"At Limit" Orders - Aussie Stock Forums

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  1. #1

    Default "At Limit" Orders

    Hi guys, i have a question about "At Limit" orders. When i place an "at limit" order. Does that mean i am willing to pay UP TO that particular price or does it mean i am GOING TO PAY that price? For example if ABC stock was closed at $1 on friday and i placed a $2 "at limit" order on sunday. On monday, when the market opens, ABC opens at $1.30. Does this mean i will buy this stock for $2 or $1.30?

    Thanks for your help

  2. #2

    Default Re: "At Limit" Orders

    Generally speaking it would mean that you would buy the stock at $1.30 however "at limit" means just that.

    So if you were to put an "at limit" order in for a stock (abc) then you could potetially pay anything up to that price.

    Generally speaking you still pay an "at market" price, that is to say that your order executes at the lowest selling price avaliable at the time.

    The main thing with an "at limit" order is, as an example a when you are buying a large amount of a stock.

    If you were to put an order in for example of MUL for 1000 000 with an at limit price of 3c then your order would execute (starting with the lowest selling price) up to 3c and if it was not completley filled would remain as a buy order at 3c.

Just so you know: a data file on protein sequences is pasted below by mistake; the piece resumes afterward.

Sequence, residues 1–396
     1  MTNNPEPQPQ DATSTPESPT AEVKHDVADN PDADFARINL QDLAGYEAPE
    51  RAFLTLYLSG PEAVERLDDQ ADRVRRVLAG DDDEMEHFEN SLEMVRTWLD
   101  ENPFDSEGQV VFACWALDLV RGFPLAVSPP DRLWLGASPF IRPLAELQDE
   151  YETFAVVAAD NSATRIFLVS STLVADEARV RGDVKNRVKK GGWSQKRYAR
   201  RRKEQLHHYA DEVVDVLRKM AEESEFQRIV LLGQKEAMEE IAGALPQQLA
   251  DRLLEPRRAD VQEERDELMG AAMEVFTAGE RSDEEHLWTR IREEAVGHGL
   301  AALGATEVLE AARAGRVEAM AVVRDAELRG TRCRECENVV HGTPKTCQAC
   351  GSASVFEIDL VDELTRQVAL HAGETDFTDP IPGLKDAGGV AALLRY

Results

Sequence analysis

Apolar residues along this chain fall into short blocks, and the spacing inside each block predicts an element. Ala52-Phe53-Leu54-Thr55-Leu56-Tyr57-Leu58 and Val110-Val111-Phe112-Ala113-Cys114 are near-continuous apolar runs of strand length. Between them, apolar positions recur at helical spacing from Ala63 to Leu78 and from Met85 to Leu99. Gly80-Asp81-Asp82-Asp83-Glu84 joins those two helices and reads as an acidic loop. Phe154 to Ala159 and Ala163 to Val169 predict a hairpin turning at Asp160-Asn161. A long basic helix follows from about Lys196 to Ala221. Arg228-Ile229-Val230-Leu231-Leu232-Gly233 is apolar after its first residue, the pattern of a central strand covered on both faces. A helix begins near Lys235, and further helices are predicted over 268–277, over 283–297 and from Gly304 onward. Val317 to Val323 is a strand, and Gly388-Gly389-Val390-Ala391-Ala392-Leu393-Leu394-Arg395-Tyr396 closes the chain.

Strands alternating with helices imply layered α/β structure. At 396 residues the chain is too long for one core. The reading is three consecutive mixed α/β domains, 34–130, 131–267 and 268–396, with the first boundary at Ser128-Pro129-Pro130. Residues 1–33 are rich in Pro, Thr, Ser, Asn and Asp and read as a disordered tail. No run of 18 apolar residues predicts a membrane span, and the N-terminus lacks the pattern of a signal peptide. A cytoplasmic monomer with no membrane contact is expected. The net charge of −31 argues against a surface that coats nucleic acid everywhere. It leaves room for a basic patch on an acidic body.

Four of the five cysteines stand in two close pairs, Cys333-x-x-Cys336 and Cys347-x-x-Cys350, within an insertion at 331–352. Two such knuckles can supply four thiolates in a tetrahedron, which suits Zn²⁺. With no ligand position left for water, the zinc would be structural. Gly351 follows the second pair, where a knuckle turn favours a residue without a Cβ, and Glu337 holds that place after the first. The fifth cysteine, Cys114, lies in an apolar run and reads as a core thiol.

This may result in many smaller parcels of shares being bought by your buy order. that is to say that you may buy some of the stock at 2.7c most of them at 2.8c and some at 2.9c (obviously this is dependant on your order size and the stock avaliable at the time of execution.

    In short a "at limit" order is designed to do just that.

    Why would you limit it to $2 on a stock that is trading at $1???
    Potetially it could trade all the way to $2 and most likely that is not what you want to do.

    If you want a stock to execute no matter what then it would be advisable to decide your limit (ie if I wanted to buy NAB at < 27.50 a share then I would place an "at limit" order for the stock at $27.50 and most likely pick the stock up at around $27 (there rough cureent trading price) but I may have to pay the ful $27.50 for them.

    An exaqmple of a time in which you would place an at limit order is if you wanted to be the potential first person to buy the stock at roughly there current trading price.

    If you place an order "at market" for a stock and there are already 35 buyers then you would become the 36th person in the cue to buy that stock.
    placing an at limit order for the stock 5c above the asking price potetially places you on top of the queue (unless somone "outbids" you).

    In short while it is highly like;y that a stock would move that fast it is possible and you should never set your "at limit" price higher than you are willing to pay.

    I hope this helps as it is rather jumbled.
    The greatest trick the devil ever played was convincing mankind he does not exist.

  3. #3

    Default Re: "At Limit" Orders


    If you were to place an order on Sunday your order would be processed with all the pre-open market orders on Monday. If you notice (especially for the bluechips) that on closing price of say $30 for CBA, there will be sell orders well below this & buy orders much higher than this. From 10am the ASX begins opening in alphabetical order, and all orders are processed through (so I'm told) a four stage algorithm to determine an opening price. If for example CBA opened at $30 on Monday, all the buy orders above this & all the sell orders below this would be matched & filled AT the $30 opening price.

    There is more info on the ASX site which could probably explain it better than I could.

    Good luck

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